East won the king, cashed the ace and continued with the spade nine. Declarer played low, of course, and the suit was blocked. Ten tricks were home, regardless of West's play, with diamonds breaking normally, N-S +430. Nothing could be gained by covering the nine of spades and declarer would suffer defeat had he done so. South was indeed fortunate that East's spot card was the nine, creating a blockage. South's resolve to leap to 3NT appears reasonable until North displayed the dummy. I suppose that South might have rebid three clubs in an effort to ensure that partner owned a spade stopper. This action would culminate in the minor suit game where North would be compelled to play the club suit for one loser. The percentages favor two finesses through West losing only when East holds both the king and jack.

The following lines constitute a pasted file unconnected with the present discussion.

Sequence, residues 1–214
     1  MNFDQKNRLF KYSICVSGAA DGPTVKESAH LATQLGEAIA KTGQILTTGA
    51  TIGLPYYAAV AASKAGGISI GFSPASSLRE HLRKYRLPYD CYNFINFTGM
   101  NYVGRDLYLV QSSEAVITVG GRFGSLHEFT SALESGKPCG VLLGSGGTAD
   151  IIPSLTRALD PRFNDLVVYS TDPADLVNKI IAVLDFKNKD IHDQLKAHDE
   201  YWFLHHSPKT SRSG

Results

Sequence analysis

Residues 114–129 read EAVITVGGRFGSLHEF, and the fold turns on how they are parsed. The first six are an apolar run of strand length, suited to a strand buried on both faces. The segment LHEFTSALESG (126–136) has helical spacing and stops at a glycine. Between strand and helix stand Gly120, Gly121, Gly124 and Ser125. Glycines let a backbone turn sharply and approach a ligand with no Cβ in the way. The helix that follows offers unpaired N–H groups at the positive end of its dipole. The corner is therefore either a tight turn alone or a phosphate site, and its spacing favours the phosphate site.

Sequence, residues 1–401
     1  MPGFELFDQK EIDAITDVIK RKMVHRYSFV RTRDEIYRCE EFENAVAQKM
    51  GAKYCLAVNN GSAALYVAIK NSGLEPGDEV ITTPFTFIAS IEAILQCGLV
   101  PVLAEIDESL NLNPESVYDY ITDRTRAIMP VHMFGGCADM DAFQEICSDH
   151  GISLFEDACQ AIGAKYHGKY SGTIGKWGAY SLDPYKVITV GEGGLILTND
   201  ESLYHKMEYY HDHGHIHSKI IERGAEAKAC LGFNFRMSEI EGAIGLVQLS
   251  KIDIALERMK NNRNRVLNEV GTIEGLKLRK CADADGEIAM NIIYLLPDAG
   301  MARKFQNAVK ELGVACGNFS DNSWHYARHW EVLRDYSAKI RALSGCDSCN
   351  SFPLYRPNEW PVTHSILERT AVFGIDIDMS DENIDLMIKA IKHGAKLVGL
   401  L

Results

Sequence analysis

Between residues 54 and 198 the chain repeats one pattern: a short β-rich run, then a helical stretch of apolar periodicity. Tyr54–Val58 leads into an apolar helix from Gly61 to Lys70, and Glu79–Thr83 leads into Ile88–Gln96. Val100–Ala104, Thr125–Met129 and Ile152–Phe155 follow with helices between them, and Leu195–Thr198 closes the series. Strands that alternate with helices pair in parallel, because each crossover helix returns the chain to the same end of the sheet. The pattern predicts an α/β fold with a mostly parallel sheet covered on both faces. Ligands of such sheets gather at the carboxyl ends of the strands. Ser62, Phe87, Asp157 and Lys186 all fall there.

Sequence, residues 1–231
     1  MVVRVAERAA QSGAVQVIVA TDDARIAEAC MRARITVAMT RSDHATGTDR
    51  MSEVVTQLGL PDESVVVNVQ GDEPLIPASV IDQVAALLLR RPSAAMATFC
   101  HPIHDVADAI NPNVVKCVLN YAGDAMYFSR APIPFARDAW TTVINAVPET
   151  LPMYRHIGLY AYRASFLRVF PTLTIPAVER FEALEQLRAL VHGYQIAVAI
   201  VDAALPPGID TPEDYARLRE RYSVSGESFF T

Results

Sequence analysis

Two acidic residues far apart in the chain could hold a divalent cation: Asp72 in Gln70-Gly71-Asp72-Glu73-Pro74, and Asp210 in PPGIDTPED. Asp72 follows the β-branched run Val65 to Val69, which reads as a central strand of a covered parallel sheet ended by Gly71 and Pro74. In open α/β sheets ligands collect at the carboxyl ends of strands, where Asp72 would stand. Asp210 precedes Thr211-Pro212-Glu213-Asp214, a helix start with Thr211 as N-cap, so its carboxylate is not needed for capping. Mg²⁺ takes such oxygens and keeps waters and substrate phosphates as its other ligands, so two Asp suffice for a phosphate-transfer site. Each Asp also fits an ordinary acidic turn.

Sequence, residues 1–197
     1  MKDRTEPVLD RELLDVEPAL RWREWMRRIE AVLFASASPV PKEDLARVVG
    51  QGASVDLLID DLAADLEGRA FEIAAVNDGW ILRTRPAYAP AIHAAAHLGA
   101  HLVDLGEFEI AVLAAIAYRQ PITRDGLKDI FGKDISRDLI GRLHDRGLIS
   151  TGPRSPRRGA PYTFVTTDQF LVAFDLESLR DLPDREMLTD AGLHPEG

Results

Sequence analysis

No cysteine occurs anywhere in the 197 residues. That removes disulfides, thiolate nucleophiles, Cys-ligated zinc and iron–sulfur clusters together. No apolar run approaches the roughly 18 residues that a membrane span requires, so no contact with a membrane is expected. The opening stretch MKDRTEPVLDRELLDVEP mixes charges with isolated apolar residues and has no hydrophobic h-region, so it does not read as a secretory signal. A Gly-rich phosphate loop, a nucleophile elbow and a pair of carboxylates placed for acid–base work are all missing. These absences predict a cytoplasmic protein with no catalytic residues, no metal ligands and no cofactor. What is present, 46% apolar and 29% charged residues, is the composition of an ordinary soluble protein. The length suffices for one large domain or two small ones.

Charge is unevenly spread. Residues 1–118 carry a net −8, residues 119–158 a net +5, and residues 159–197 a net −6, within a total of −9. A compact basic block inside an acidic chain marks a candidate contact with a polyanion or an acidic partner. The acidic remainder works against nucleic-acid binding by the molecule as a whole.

North ruffs the second spade, draws trump, leads a heart to dummy to advance the queen of clubs. When East covers with the king, the contract will be home. Suppose he elects to run the ten of clubs, losing to the jack. If East returns a third spade, West will be squeezed in the black suits by the run of red-suits. He will be compelled to bare the king of clubs to keep the master spade.
Author: Dave Willis - visit his website at www.insidebridge.ca Questions on bridge can be sent with a stamped, self-addressed envelope to The New Canadian Bridge c/o Torstar Syndication Services, One Yonge St., Toronto, M5E 1E6.